PETALING JAYA: The unstoppable streak of the oil price rally may seem like the end of the tunnel is near for the oil and gas (O&G) sector.
But amid the optimism that the market is pricing in, experts that are monitoring the sector closely believe that it is not yet all rosy.
Forecasting thunderstorms ahead, analysts and economists believe Brent crude oil has run ahead of its fundamentals as it surged above US$70 per barrel, saying that current prices are unsustainable.
The Brent opened at US$69.97 yesterday, hitting US$70 just moments after the opening bell, marking a 21-month high on the back of reports of a drone attack on Saudi Aramco’s petroleum tank farm in Ras Tanura while shrapnel from a ballistic missile fell near Saudi Aramco’s residential area in Dhahran, both in Saudi Arabia.
The kingdom’s Energy Ministry said neither attack resulted in injury or loss of life or property.
The last time the Brent crude oil hit above US$70 per barrel was in May 2019 at around US$72.
From the plunge on April 21 last year to US$19.33 when the West Texas Intermediate (WTI) went sub-zero, the Brent has recovered 262% in only 11 months, close to pre-pandemic levels even when most international borders remain closed.
Back in 2019, global demand was slightly above 100 million barrels per day (mbpd) and as for 2021, the Paris-based International Energy Agency (IEA) projected that demand would reach 96.4 mbpd, recovering around 60% of volume lost in 2020 due to Covid-19.
Currently, demand is estimated to be about 80 mbpd.
BIMB Securities Research O&G analyst Azim Faris Ab Rahim said he sees a downside risk to the recent oil price rally, which mainly stemmed from unused capacity held up by the Organisation of the Petroleum Exporting Countries, Russia and other allies (Opec+).
“We think there is an increasing likelihood of an oil price shock, possibly over the second half this year to 2022, on the premise that the United States’ shale supply response could trail behind the oil demand recovery.
“This is under the assumptions that global oil demand recovers to pre-pandemic levels by the end of 2021 and that the US shale oil supply will recover to pre-pandemic levels by 2023, according to the Energy Information Administration (EIA) estimates, ” he told StarBiz, adding that thereafter, the oil price will be expected to normalise.
The research house’s long-term oil price outlook is US$60 per barrel.
Azim maintained his view that local activity will pick up in 2022, regardless of the price of oil. He believed the lack of investment from 2015 to 2020 will translate into more projects maturing within the next few years.
Hong Leong Investment Bank Research analyst Low Jin Wu also felt that the current price is unsustainable, adding that there were many tailwinds that affected the oil market in the past few weeks.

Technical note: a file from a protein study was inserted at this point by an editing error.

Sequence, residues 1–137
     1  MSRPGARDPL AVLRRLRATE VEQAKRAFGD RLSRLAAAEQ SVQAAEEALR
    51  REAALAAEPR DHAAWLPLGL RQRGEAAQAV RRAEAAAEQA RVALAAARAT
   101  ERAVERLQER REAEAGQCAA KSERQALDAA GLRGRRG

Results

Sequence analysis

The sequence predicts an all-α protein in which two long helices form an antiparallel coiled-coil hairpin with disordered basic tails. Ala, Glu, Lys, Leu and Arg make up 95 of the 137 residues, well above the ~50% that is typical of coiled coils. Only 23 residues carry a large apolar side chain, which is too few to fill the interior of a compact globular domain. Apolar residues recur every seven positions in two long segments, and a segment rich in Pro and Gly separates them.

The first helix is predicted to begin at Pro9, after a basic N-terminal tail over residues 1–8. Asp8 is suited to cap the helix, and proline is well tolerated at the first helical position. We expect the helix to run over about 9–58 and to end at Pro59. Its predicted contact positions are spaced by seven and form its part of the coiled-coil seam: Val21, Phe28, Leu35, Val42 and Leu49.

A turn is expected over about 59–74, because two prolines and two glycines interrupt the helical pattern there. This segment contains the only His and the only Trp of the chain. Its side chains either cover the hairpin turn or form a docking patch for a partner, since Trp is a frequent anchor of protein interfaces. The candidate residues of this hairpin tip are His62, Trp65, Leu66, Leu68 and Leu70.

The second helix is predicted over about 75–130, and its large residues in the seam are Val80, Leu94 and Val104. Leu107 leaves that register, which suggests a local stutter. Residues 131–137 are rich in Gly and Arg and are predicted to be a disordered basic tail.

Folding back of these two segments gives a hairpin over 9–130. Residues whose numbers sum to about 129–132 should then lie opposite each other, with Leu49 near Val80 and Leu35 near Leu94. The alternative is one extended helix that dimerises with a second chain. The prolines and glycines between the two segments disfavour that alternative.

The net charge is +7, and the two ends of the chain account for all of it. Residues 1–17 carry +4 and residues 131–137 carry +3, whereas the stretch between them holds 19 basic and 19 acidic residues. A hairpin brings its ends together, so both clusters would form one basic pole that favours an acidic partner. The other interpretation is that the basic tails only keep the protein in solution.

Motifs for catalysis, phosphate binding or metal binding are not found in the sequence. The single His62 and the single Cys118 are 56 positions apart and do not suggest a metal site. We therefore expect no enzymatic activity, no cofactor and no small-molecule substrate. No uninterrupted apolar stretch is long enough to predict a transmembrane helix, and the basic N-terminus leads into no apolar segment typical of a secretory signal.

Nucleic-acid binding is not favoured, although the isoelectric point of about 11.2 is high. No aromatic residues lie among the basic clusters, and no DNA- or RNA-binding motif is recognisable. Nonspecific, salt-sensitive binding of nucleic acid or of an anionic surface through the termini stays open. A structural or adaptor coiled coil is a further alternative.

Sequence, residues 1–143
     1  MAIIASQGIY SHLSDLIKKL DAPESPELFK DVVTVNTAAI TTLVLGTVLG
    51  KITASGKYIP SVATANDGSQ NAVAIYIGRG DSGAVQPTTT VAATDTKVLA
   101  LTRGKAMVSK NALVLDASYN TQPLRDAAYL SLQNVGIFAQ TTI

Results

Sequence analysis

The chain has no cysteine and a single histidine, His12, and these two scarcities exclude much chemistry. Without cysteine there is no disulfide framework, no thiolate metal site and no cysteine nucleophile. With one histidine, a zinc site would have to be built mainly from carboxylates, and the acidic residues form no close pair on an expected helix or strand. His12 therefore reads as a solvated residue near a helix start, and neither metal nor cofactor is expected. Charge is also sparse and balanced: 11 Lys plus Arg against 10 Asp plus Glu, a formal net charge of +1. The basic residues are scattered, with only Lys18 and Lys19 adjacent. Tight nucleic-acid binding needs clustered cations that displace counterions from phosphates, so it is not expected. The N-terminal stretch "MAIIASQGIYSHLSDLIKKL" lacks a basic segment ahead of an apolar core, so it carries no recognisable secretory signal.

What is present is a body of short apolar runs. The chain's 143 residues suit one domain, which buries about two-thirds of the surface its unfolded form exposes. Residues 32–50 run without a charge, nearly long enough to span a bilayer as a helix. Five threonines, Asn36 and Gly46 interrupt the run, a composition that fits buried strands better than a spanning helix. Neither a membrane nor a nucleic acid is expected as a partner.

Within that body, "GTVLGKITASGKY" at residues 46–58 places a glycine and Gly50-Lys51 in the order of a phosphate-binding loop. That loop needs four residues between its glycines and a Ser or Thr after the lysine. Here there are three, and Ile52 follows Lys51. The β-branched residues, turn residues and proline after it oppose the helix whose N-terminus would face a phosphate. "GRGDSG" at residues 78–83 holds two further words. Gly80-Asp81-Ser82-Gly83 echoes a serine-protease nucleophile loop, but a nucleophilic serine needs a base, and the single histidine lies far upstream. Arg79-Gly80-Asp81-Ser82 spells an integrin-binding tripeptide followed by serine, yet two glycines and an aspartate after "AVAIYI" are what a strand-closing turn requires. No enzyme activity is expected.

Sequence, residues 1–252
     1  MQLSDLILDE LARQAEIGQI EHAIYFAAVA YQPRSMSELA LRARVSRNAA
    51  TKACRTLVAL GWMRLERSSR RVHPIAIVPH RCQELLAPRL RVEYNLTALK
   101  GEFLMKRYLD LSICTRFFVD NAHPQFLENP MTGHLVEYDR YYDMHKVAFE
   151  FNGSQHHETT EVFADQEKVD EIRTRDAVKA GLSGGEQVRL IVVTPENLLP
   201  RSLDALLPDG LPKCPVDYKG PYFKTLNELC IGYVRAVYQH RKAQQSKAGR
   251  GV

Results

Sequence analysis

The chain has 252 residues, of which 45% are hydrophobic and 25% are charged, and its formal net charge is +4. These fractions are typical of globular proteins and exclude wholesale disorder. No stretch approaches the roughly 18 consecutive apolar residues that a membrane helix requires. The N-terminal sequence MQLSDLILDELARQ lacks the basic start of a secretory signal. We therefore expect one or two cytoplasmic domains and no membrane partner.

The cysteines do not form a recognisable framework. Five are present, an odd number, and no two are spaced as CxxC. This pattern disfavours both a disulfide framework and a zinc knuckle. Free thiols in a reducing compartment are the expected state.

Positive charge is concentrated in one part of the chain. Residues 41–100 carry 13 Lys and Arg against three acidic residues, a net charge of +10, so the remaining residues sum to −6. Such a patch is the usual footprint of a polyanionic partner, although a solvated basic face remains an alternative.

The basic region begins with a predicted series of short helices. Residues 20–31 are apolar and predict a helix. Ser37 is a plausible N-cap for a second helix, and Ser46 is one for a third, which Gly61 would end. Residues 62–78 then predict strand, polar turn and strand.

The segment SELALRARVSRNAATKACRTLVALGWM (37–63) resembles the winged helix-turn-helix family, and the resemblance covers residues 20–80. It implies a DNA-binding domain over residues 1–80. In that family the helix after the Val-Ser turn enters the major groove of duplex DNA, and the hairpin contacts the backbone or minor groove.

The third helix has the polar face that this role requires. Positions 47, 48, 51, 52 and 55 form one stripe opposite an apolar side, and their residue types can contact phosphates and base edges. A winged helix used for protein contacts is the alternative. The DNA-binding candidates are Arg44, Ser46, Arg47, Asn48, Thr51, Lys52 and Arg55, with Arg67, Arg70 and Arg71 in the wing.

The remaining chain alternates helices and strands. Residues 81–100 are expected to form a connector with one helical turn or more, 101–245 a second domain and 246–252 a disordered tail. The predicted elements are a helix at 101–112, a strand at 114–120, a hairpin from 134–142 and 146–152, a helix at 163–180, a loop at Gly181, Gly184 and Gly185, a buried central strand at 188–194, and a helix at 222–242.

“The colder than expected temperatures in the Gulf Coast is one unforeseen catalyst for oil prices besides Opec+’s surprise rollover of its production cuts.
“I believe that production in the US would resume once the deep freeze in Texas subsides and as long as oil prices remain at the US$70 per barrel, Opec+ would find it very tempting to ease its production cuts.
“On a year-on-year basis, the fundamentals of the oil market is significantly stronger but at US$70 per barrel, Brent is probably slightly ahead of its fundamentals, ” he said, adding that it should average at about US$60 to US$65 this year.
Low is confident that more jobs will come to the Malaysian industry players if the Brent can average above US$60 per barrel this year.
“Petronas had a very lacklustre year in 2020 arising from Covid-19 and low oil prices, recording one of its lowest operating cash inflow and lowest capex spending in many years. While I do not expect their capex to return to pre-Covid-19 levels, capex in 2021 should see a material increase of some 20% from 2020, ” he added.
Kenanga Research analyst Steven Chan on the other hand, felt that the price of oil would stabilise.
He said the Opec+’s decision to maintain output cuts, the Texas freeze and recovery in demand has led to faster-than-expected drawdown in crude inventories globally.
“As long as the demand and supply dynamics remain, oil prices should be stabilising at these levels.
“Opec+ could easily increase output levels in one of their upcoming monthly meetings and there would not be any significant delayed reaction from oil prices following this. “Nonetheless, even if oil prices were to hover at around US$60 to US$70 a barrel, this will still be a healthy enough level to spur resumption of activities, ” Chan said.
Juwai IQI chief economist Shan Saeed said the price of oil at this juncture is volatile and that O&G companies would be taking a cautious stance.
“Capex will not come back unless oil prices are sustainable between US$73 to US$87 per barrel.
“This (surge) could be short term. The price of oil might even go down to US$60 or US$55, ” he said, adding that three major factors affect the oil market - the depreciation of the US dollar, the opening up of economies on the back of inoculation efforts and geopolitical risks, of which there are currently 73 ongoing civil wars.
The oil price rally, which has moderated to US$69.49 as at press time, sent a wave of optimism into Bursa Malaysia yesterday, raising the FBM KLCI by 11.69 points or 0.73% to 1,611.81 points.
Petronas’ chemical arm Petronas Chemical Group Bhd was the leader of the benchmark index after adding 53 sen or 6.78% to RM8.35.
The KL Energy Index was the best performing index locally yesterday, hitting a one year high of 985.19 points after advancing 33.68 points or 3.54%.
Dagang Nexchange Bhd (DNeX), which has diversified into O&G recently, was the second most active counter yesterday while its warrant came in first.